Here is an article from the Bristol Post written by Adam Postans who attended the WECA meeting, reproduced here with his permission
Link to Bristol Post News article published on Wednesday 2nd February 2022
By Adam Postans Local democracy reporter
Thornbury’s ‘beating heart ripped apart’ as controversial changes funded
Region’s leaders agree cash for scheme against metro mayor’s wishes
A one-way system for deliveries and drop offs is in place on Thornbury High Street
Campaigners have all but lost the battle to stop controversial changes to Thornbury High Street after the region’s leaders approved a £4.6million boost – despite the metro mayor’s opposition.
Labour’s Dan Norris, head of the West of England Combined Authority (Weca), previously said he would block South Gloucestershire Council leader Cllr Toby Savage’s request for cash to make the scheme permanent because of concerns about how the public were consulted.
So instead of seeking the money from the Weca committee, comprising the metro mayor and leaders of Bristol, Bath & North East Somerset and South Gloucestershire councils, Cllr Savage has now secured the money from the regional joint committee – Weca committee plus North Somerset.
Mr Norris, who accused the Conservative councillor beforehand of “moving the goalposts”, told the meeting on Friday, January 28, he did not have a vote on funding decisions from a Local Enterprise Partnership pot of money called the economic development fund, where the cash will come from.
The other four leaders voted in favour unanimously despite hearing there was overwhelming opposition from residents whose views had been ignored during a flawed public consultation.
Mr Norris joined campaigners in asking for the decision to be postponed, to no avail.
Gil Gilroy, who has lived in the town for 40 years, told the meeting Thornbury’s “beating heart and soul”, the High Street, had been “brutally ripped apart”.
All but five of the 69 public statements submitted to members ahead of the meeting, and 27 of the 29 written questions, were about the scheme.
The decision to grant the funding and approve the outline business case means detailed design work can now take place for the full business case ahead of another round of consultation.
It will build on the interim scheme introduced in July 2020, initially to ensure social distancing, including reducing through-traffic while allowing access for motorists using high street businesses, as well as widening paths, increasing cycle parking and improving seating, planting and wayfinding.
Cllr Savage, who grew up in Thornbury and whose parents had a business in the High Street, told the West of England joint committee at Bath Guildhall it was very clear the scheme was controversial and lessons would be learned.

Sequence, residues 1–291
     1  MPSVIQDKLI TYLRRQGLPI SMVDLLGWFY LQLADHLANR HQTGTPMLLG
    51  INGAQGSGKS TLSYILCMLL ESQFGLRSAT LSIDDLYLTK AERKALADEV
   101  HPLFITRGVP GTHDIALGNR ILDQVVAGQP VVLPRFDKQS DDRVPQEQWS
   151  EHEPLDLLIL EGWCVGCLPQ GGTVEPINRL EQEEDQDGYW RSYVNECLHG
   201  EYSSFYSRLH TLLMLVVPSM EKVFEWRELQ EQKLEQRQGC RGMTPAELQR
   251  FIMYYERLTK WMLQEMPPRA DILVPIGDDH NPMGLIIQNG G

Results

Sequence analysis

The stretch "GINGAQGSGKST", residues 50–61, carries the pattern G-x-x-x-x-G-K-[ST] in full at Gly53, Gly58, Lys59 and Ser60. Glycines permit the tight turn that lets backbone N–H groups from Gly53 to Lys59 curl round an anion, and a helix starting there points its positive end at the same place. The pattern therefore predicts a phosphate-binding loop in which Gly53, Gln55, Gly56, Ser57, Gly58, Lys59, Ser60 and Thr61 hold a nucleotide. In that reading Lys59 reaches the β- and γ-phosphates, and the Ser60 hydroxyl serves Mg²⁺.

He said: “There are strong views on both sides. I received a great many comments that are in favour of the scheme but they don’t wish to put themselves forward in a public forum.
“Ultimately we are trying to help Thornbury High Street to overcome the challenges that face all of our high streets.
“We have consulted at various stages over the course of this scheme and as a result it has changed to what was originally put in, but I recognise there are significant concerns from residents who have spoken to us today.
“I absolutely recognise that, as with any difficult or controversial project, there will always be lessons to learn for the future around that and I am certainly committed to making sure we do learn from this process.”
Cllr Savage said the project was still only at the outline-business-case stage and more work was needed to refine it.
“But it’s important for us today to establish that budget to invest significantly in the future of Thornbury High Street in the same way we are investing significantly in other high streets and towns across South Gloucestershire,” he added.
Following the next stages, work is expected to start in July and be completed by October 2023.
After the meeting, Mr Norris said: “I have had message after message from angry people furious that Cllr Savage is riding roughshod over their desires.
“I heard the voices of the many Thornbury residents who came to today’s meeting loud and clear.
“I also heard them at the large public meetings held in Thornbury last year.
“As I have said on many occasions, I will never support giving them extra cash from funds I can control without a full, thorough and respectful consultation. Today’s vote was highly disappointing